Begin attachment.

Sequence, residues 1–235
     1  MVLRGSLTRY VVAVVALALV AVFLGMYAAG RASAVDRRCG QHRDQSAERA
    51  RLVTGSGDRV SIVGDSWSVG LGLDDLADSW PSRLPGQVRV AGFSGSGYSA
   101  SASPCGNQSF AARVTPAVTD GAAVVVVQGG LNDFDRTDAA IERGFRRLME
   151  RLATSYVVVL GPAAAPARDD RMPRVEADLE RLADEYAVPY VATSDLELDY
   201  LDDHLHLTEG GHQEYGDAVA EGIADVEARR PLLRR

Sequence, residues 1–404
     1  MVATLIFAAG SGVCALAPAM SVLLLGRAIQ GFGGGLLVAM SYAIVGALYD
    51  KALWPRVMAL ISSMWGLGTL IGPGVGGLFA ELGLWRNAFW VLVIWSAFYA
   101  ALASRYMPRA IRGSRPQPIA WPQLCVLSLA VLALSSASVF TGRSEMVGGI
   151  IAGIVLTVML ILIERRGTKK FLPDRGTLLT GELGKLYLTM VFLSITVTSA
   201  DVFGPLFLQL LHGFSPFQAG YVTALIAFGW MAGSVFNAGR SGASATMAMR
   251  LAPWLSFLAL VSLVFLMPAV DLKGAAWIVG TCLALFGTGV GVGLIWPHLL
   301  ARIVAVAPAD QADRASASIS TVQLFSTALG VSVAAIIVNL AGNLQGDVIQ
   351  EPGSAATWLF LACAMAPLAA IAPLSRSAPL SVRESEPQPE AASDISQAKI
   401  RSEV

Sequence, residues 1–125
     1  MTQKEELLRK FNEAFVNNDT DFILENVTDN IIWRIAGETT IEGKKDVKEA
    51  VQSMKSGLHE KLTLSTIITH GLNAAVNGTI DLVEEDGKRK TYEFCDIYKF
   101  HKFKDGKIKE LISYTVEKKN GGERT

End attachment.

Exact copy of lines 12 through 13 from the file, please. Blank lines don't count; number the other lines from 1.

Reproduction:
   201  DVFGPLFLQL LHGFSPFQAG YVTALIAFGW MAGSVFNAGR SGASATMAMR
   251  LAPWLSFLAL VSLVFLMPAV DLKGAAWIVG TCLALFGTGV GVGLIWPHLL